Performance is dependent on fastener type, installation process and material. Some of this data is available in the SI® data sheet. If the specific information that you require is not shown in the data sheet please contact us at [email protected] for further information. We can supply you with free fastener samples so that you can perform your own testing or depending on the application do the testing for you here in our technical lab.
Do you sell installation equipment?
Currently we do not sell equipment for installing SI® brand threaded inserts for plastics. For your convenience, listed below are suppliers of ultrasonic and thermal insertion presses:
How much installation force is needed to install inserts?
Installation forces are dependent on fastener type, installation process and material. Some of these forces are available in the SI® data sheet. If the specific information that you require is not shown in the data sheet please contact us at [email protected] for further information. We can supply you with free fastener samples so that you can perform your own testing or depending on the application do the testing for you here in our technical lab.
What is the recommended temp for heat staking?
As a general rule, try setting the heat staking machine temperature 50˚F/10˚C higher than the published melt temperature of the plastic. Testing this product in your application is recommended. We will be happy to provide technical assistance and/or samples for this purpose.
What would be the best type of insert for me to use? Molded-in, heat/ultrasonic, or press-in?
View our 4 Ways to tackle threaded inserts for plastics for more information on the types of inserts to consider. If you require further information please send your specific question to [email protected].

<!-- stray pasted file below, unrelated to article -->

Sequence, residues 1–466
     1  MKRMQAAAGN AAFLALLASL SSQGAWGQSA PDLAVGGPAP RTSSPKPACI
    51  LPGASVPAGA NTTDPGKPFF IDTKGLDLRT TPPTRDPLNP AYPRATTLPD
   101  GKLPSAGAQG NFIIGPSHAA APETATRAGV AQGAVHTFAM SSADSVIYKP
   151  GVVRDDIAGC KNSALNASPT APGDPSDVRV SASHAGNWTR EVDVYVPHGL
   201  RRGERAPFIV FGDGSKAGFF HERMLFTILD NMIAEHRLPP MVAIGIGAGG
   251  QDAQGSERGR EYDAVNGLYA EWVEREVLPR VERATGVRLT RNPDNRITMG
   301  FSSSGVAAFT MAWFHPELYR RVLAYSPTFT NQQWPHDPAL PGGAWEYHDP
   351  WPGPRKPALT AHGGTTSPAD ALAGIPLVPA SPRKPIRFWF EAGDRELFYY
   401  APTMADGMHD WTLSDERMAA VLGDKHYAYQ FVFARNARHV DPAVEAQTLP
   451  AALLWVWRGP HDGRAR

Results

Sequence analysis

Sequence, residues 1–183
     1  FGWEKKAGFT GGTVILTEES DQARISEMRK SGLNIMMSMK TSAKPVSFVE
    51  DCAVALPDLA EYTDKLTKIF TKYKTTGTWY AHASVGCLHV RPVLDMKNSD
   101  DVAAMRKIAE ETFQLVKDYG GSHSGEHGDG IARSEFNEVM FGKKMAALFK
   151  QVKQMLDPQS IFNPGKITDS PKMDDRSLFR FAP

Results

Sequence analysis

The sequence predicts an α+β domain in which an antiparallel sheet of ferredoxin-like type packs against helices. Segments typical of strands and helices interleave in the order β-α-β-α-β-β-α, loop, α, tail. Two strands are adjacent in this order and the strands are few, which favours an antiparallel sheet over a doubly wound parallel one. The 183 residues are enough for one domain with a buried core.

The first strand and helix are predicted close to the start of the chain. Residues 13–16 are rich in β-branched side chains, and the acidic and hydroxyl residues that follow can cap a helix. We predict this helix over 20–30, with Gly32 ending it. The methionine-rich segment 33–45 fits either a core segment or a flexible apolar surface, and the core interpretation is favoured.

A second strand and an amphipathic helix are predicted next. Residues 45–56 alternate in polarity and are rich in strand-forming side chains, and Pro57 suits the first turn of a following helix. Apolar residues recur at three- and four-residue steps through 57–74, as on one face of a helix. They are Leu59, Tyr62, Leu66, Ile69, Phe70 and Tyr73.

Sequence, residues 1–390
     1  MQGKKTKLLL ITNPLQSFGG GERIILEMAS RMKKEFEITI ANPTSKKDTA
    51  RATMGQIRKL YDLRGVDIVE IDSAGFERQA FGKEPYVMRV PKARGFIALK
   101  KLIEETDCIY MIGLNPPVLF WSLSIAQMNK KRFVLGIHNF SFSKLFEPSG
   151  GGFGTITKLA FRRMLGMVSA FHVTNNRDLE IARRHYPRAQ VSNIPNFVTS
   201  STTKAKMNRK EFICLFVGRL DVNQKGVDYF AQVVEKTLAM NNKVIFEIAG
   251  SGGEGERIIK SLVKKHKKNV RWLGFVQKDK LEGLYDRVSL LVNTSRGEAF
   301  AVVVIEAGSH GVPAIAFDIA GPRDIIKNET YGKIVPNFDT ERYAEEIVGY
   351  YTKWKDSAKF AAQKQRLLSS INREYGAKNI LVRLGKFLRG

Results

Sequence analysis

When installing a SI® type insert for plastic, what is the recommended wall thickness for the boss?
The boss thickness for an insert is very dependent on the material being used as well as the mold configuration creating the hole. As a rule of thumb, 2X the part diameter is usually sufficient, however, if there is a potential for knit lines along the boss due to the mold configuration, this diameter should be increased.
Why are there two versions of the IUA/IUB/IUC inserts for the M3 and M5 thread sizes?
The M3 thread in the #4-40 body and the M5 thread in the #10-32 body has a very thin wall. Therefore, we offer the IUAA/IUBB/IUCC inserts for applications that require a larger body diameter.
What are the RoHS concerns related to aluminum products?
The issue with aluminum and RoHS is that some aluminum alloys, such as 2011, contain lead in amounts that could exceed the 0.4% allowed by the exemption in clause 6 of the Annex of the RoHS directive. Fortunately, the alloys we use for standard parts do not contain any intentional additions of lead and therefore have always been RoHS compliant. With regards to chromium, any chromium present in aluminum will be in the metallic or zero valence state and is therefore not a RoHS concern since the RoHS directive restricts only hexavalent chromium which only exists in certain compounds in which the chromium has a valence state of +6 (hexavalent). A chromate finish applied to aluminum could contain hexavalent compounds. We do not apply any type of chromate finish to any of our standard aluminum products.
Does the RoHS Directive ban the use of cadmium plating on fasteners?
Yes, cadmium plating is not RoHS compliant. Although clause 8 of the Annex of the original RoHS Directive (2002/95/EC) granted an exemption allowing cadmium plating to be used in some aerospace applications and other safety-critical applications, the current Directive no longer allows any exemption for cadmium plating. Cadmium is also a REACH SVHC and cadmium plating on any of our fasteners will always exceed the allowable REACH threshold of 0.1 % of article weight.
Does the RoHS Directive ban all chromium?
Chromium can exist in four states. Metallic, divalent, trivalent and hexavalant. In some compounds, chromium is in the hexavalent state (valence of +6) and many of these compounds are hazardous. The current European RoHS Directive bans the use of six substances, one of which is hexavalent chromium. The ban on hexavalent chromium targets primarily corrosion-resistant coatings, such as chromate conversion coatings applied to zinc plating. Metallic chromium found in stainless steel is not a RoHS substance.